While Colorado residents may use the terms heirs and beneficiaries interchangeably, the truth is that they are not the same when it comes to estate planning. Though the differences are subtle, they are important enough that being aware of them is crucial to ensuring one’s estate plan looks the way intended.

Heirs and beneficiaries

Generally, a heir is someone who is related to the decedent by blood. This could be a child, parent or spouse. Though kin to the decedent, it is not necessary that the heir inherit from them. Beneficiaries on the other hand do, as they are specifically named in the will or trust as recipient of assets upon the decedent’s death. Organizations can also be beneficiaries—it does not have to be a person. Therefore, while heirs can be beneficiaries, beneficiaries do not have to be heirs. They can be friends and pets as well.

Heirs is a term mostly used to describe people who inherit when someone passes away without a will. When someone dies intestate, the probate court is responsible for figuring out who will rightfully inherit. State laws generally dictate the order in which inheritance takes place in this scenario, for example spouse, child and then parent.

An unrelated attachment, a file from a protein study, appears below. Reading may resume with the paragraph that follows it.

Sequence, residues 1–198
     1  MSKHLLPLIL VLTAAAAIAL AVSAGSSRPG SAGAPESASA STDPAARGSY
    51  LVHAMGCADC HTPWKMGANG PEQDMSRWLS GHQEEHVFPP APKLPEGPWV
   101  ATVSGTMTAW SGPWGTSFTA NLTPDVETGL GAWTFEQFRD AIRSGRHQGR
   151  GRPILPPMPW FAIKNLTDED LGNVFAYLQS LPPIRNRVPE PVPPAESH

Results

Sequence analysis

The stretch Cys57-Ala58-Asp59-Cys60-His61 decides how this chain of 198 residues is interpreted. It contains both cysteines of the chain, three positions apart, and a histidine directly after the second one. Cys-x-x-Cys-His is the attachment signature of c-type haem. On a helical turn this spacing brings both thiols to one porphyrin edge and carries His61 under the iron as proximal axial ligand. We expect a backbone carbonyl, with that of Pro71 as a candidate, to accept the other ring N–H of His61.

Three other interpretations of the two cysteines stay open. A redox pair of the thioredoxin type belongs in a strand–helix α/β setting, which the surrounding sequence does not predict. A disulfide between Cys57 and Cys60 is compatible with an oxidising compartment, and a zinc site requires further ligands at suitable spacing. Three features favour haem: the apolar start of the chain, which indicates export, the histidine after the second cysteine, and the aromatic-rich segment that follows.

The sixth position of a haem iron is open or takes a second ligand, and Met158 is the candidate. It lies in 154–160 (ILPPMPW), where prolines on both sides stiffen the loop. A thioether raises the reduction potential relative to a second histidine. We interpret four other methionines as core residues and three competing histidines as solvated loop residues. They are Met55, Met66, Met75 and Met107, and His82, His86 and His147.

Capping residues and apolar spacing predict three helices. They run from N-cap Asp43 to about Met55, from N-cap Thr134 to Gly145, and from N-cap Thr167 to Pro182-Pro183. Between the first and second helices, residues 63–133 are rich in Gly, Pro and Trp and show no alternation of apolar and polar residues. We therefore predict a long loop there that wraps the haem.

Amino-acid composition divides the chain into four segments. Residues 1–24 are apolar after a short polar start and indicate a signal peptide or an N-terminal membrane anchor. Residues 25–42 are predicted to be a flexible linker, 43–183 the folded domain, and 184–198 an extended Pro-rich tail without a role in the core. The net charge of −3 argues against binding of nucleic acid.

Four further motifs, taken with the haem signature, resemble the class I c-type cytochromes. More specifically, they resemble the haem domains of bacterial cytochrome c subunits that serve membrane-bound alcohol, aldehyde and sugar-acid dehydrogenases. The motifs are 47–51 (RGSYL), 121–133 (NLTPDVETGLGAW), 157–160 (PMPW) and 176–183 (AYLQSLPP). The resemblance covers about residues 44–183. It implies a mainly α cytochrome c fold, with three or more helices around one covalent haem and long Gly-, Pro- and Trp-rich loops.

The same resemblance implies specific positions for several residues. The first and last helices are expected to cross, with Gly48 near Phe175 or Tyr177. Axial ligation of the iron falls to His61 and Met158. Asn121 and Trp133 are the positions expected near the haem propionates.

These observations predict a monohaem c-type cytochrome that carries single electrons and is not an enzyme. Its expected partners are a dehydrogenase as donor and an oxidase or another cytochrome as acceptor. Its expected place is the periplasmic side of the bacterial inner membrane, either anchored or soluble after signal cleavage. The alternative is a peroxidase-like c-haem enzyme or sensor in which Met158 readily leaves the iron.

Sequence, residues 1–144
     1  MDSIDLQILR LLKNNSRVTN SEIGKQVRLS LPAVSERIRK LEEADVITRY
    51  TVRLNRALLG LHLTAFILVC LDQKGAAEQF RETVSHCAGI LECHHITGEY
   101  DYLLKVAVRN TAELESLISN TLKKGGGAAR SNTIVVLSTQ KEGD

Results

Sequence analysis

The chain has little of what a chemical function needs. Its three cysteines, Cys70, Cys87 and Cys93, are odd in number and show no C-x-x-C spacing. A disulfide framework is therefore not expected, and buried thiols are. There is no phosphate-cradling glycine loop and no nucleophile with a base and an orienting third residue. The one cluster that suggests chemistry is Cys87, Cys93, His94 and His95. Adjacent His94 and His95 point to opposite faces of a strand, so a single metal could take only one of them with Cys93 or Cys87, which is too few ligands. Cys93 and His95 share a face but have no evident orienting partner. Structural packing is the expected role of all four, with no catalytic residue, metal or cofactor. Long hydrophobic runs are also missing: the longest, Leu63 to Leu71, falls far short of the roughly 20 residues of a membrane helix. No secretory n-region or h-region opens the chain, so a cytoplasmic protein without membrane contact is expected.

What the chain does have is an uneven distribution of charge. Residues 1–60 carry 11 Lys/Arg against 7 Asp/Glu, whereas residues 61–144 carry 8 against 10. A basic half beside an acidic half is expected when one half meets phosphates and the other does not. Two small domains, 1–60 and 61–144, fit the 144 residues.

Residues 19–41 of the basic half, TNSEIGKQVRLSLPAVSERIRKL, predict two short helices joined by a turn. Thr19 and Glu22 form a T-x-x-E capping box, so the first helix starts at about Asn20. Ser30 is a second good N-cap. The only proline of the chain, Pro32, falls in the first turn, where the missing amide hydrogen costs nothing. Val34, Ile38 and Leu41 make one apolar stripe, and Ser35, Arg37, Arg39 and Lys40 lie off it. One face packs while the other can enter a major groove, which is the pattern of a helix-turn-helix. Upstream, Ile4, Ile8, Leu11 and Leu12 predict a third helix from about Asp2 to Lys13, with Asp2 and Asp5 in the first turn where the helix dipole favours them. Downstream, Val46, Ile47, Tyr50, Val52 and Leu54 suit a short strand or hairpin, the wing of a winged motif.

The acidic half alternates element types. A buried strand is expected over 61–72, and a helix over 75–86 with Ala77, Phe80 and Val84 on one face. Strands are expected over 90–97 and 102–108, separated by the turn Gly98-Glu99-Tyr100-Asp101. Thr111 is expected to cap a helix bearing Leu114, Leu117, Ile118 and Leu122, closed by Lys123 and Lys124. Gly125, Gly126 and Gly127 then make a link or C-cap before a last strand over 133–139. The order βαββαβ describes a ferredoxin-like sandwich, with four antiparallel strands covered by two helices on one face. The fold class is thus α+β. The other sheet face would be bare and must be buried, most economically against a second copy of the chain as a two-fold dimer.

How a foolproof estate plan helps

While heirs receive notifications when a blood relative dies, this does not mean they will inherit if there are beneficiaries listed. An estate’s executor will use the estate plan to determine asset distribution, regardless of blood relationships. Therefore, someone who is estranged with their spouse or has a strained relationship with their children might not want them to inherit their assets but without specifying it in a will, this won’t be the result. This is one of the main reasons creating a will and other estate planning documents is incredibly important to ensuring one’s last wishes are fulfilled.